Taq-e Bostan

Taq-e Bostan

Taghbestan is one of the most prominent historical sites in the west of Iran. This historical site with several lithographic works from different historical periods shows the symbol and guidance of the past culture and customs of Iranians from the third century AD onwards. The most significant works in this place are two arches with different dimensions next to each other. The big arch belongs to the reign of Khosrow Parviz and the small arch belongs to Shahpour II and Shahpour III are other commanders in the history of ancient Iran. In the margins of these two arches, the winged angels of horses, elephants and boats can be seen, which according to archaeologists are symbols of celebration in the culture of that time. Apart from these works, the presence of another large lithograph taken a few meters to the left of the small arch shows a victory of Ardashir II over his enemy and standing on its coffin, which archaeologists consider the king of Rome, taking a veiled ring from Ahura is a Mazda. At the top of this lithograph, there are several other works, including a 78-step staircase, as well as a newly discovered lithograph in the form of a man praying, all of which are among the attractions of this historical area. This place is located in the northwest of Kermanshah and at the end of Bostan Arch Boulevard, which is another beautiful place in this ancient city. Other beautiful landscapes of this historical site and the existence of a mirage of the same name, namely Taq-e Bostan, can be mentioned, which borrows its abundance of water from the soaring mountains of Kermanshah, which is miles away, ie the Peru mountain range.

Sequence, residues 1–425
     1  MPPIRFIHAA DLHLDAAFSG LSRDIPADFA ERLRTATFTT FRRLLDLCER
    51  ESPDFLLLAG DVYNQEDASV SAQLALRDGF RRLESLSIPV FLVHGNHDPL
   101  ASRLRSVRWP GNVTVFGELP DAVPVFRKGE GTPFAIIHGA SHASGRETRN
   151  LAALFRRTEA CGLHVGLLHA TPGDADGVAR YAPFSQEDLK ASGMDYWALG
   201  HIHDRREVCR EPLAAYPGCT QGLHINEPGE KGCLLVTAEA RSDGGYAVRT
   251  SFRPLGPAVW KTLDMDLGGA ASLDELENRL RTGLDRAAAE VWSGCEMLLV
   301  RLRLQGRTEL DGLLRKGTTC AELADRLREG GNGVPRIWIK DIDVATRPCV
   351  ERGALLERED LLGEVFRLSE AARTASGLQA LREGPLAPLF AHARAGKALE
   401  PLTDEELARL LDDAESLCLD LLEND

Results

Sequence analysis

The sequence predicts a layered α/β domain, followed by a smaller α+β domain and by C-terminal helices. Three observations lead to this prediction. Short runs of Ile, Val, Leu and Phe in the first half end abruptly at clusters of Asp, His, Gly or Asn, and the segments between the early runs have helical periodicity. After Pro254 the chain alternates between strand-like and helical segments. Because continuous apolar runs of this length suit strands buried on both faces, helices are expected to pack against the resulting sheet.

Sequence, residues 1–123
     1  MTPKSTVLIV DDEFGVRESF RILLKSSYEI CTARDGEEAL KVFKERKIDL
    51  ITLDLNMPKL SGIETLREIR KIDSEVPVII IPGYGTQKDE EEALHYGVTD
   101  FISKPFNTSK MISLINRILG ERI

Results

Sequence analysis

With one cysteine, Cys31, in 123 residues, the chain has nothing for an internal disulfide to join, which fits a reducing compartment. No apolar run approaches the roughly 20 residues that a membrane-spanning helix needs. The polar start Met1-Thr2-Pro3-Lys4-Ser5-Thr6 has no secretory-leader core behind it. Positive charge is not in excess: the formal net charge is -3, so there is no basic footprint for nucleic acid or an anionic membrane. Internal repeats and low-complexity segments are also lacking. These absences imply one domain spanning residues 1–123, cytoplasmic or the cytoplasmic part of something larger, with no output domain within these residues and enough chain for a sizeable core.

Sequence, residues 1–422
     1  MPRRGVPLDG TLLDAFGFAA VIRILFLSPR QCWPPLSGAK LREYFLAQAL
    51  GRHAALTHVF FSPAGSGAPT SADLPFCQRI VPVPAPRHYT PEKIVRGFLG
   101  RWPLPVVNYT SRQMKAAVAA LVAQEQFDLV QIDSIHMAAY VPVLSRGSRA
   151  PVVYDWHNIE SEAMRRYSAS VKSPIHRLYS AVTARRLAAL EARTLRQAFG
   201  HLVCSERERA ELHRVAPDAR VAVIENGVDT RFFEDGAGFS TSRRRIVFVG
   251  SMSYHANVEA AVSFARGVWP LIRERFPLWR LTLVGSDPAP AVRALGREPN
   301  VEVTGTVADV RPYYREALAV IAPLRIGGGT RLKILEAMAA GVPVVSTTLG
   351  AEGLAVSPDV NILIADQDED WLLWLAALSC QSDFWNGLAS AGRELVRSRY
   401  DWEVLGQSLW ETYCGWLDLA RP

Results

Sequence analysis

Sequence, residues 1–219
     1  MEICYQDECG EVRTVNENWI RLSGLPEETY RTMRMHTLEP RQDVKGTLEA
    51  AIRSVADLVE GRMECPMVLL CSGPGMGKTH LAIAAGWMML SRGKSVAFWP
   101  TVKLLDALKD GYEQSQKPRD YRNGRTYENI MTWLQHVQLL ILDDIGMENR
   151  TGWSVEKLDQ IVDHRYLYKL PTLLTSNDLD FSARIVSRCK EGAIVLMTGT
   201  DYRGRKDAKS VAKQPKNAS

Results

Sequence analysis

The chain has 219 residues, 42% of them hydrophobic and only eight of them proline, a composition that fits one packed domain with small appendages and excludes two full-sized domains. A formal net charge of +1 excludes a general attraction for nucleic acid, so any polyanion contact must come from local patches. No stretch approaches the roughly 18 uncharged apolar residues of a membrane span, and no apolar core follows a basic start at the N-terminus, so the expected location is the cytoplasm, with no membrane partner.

Unfortunately, today, Bostan Arch is not as beautiful as it used to be due to the manipulations that were done to register it in the World Heritage Organization. The views are limited and the restaurants outside the grounds are completely cluttered and uneven, drawing visitors into a tortuous place with ugly closets, while in the not-so-distant past the grounds were very wide and the lake had fences. It was beautiful that the eastern part was connected to the west by a street full of towering trees, but today, due to these manipulations, even the number of visitors to Kermanshah has been very limited.

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